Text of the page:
Avoid Dividend Taxes
01 November 2009
Posted by: Author: David Warneke
Avoid Dividend Taxes
There’s a window of opportunity to deregister your company without becoming liable for dividend taxes
The impending implementation of a dividends tax will mean that the current exemption regarding pre-2001 embedded value will fall away.If your company or close corporation holds an asset with pre-2001embedded value it would be wise to take note of the fact that the existing exemption from STC on deregistration will fall away with the introduction of the dividends tax.
Consider the following example:You own all the shares in your company. These shares were acquired in 1991 for R100, as the company was a ‘shelf company' with no assets at the time. After you acquired the shares, the company purchased a property (also in 1991) for R1 million, using100% bond finance—this is the company's only asset. The property was valued at R3 million for CGT purposes as at October 2001, and its current market value is R5 million.Your shares in the company were therefore valued at R2 million for CGT purposes as at October 2001.
This is represented by the value of the property at that date,R3 million, less (say) R1 million still outstanding on the bond.The R2 million increase in the value of the property between the date of its purchase in 1991 and October 2001 is what I refer to as‘pre 2001 embedded value’.As the Income Tax Act presently allows, if the company sells its asset for its market value of R5 million and is deregistered now,there will be no STC on the resulting dividend to the extent that this dividend represents the pre 2001 embedded value of assets in the company.
STC will be calculated only on the post-2001 increase in value of the property from R3 million to R5 million, and will amount to approximately R200 000. STC is at the rate of 10% of the amount of a dividend declared. The saving in STC due to the exemption on the‘embedded value’ portion of the dividend is thus R200 000, being 10% of the pre-2001 increase in value from R1 million to R3 million.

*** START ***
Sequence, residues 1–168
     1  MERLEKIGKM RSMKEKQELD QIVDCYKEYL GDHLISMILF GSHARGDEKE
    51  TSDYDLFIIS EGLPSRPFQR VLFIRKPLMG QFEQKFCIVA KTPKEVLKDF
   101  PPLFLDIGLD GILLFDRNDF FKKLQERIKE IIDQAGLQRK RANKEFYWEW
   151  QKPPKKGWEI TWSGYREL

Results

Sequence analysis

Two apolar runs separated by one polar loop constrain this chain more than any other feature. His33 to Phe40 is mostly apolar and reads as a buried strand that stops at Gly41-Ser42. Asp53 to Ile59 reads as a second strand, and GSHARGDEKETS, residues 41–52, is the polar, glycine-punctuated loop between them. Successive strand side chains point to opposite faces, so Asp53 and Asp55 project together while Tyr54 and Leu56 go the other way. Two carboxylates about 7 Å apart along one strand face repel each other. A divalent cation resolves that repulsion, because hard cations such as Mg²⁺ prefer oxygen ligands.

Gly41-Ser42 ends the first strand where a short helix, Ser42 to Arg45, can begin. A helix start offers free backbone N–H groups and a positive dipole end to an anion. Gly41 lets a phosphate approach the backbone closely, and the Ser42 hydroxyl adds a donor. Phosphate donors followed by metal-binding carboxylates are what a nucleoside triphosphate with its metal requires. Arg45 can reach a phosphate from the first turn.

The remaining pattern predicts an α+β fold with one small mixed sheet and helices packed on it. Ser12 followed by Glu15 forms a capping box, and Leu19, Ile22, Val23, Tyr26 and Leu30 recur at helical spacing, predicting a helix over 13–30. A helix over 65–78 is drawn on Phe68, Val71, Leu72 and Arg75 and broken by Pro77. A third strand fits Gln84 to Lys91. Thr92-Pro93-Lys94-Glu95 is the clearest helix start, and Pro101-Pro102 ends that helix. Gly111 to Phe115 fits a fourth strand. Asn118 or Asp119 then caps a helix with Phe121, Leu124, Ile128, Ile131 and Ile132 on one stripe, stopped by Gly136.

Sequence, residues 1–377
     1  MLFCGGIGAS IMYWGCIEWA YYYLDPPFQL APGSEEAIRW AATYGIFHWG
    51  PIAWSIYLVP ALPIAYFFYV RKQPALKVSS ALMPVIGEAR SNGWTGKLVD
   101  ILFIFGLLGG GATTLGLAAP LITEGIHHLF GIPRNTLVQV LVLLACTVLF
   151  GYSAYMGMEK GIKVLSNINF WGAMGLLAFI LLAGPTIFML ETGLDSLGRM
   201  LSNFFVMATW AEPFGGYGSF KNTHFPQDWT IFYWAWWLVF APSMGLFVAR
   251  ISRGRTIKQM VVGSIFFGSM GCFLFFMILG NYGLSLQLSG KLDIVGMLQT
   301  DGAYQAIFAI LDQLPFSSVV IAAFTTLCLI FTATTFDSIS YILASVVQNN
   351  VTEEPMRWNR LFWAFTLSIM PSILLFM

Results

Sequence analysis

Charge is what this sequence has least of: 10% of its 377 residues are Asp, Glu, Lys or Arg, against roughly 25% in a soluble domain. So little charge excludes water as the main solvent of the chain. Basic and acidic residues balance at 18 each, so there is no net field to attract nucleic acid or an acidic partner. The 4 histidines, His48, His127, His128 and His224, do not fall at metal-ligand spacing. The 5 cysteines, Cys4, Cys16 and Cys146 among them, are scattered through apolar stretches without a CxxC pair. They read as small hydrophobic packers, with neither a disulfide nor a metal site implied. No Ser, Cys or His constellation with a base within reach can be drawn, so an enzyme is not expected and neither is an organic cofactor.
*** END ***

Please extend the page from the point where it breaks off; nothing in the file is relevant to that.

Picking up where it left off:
However, things are about to change, probably towards the end of 2010 or in early 2011, when the new dividends tax is introduced.The current exemption regarding pre-2001 embedded value will fall away. Thereafter, the full increase in value of the property will become subject to the dividends tax, which would amount to R400 000 (10% of R5 million proceeds, less R1 million cost).I would strongly advise companies or close corporations that hold assets with pre 2001 embedded value to contact their tax advisers to discuss whether or not it would be worthwhile to deregister the company prior to the introduction of the new dividends tax.
Bear in mind that it may not be necessary to sell the underlying asset to an outside party—one could, for example, transfer the asset to another existing entity, or set one up for this purpose.If the asset is commercial property, the transaction could be zero-rated from a VAT perspective.Please also bear in mind that the pre-2001 embedded value does not have to be represented by property—it could, for example, be represented by an increase in the value of shares or other assets held by the company.
It should be noted that the above example is simplified to the extent that it does not consider the CGT implications in the company's or shareholder's hands, which may or may not make a difference to the decision.
Source: By David Warneke (Tax breaks)